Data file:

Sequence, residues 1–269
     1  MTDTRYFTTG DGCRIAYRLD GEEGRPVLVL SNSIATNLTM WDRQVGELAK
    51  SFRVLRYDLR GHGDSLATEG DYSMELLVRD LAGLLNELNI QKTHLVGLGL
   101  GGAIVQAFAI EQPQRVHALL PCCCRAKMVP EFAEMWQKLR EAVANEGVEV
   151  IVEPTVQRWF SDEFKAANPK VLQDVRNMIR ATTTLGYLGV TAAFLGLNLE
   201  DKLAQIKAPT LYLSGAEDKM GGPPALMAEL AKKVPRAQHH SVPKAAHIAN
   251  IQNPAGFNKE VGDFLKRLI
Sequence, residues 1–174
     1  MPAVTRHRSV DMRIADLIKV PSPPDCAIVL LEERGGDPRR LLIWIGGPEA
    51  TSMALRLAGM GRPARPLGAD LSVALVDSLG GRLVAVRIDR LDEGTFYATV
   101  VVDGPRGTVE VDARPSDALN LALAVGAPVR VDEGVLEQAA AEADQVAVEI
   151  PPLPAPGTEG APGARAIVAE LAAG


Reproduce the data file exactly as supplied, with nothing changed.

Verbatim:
Sequence, residues 1–269
     1  MTDTRYFTTG DGCRIAYRLD GEEGRPVLVL SNSIATNLTM WDRQVGELAK
    51  SFRVLRYDLR GHGDSLATEG DYSMELLVRD LAGLLNELNI QKTHLVGLGL
   101  GGAIVQAFAI EQPQRVHALL PCCCRAKMVP EFAEMWQKLR EAVANEGVEV
   151  IVEPTVQRWF SDEFKAANPK VLQDVRNMIR ATTTLGYLGV TAAFLGLNLE
   201  DKLAQIKAPT LYLSGAEDKM GGPPALMAEL AKKVPRAQHH SVPKAAHIAN
   251  IQNPAGFNKE VGDFLKRLI
Sequence, residues 1–174
     1  MPAVTRHRSV DMRIADLIKV PSPPDCAIVL LEERGGDPRR LLIWIGGPEA
    51  TSMALRLAGM GRPARPLGAD LSVALVDSLG GRLVAVRIDR LDEGTFYATV
   101  VVDGPRGTVE VDARPSDALN LALAVGAPVR VDEGVLEQAA AEADQVAVEI
   151  PPLPAPGTEG APGARAIVAE LAAG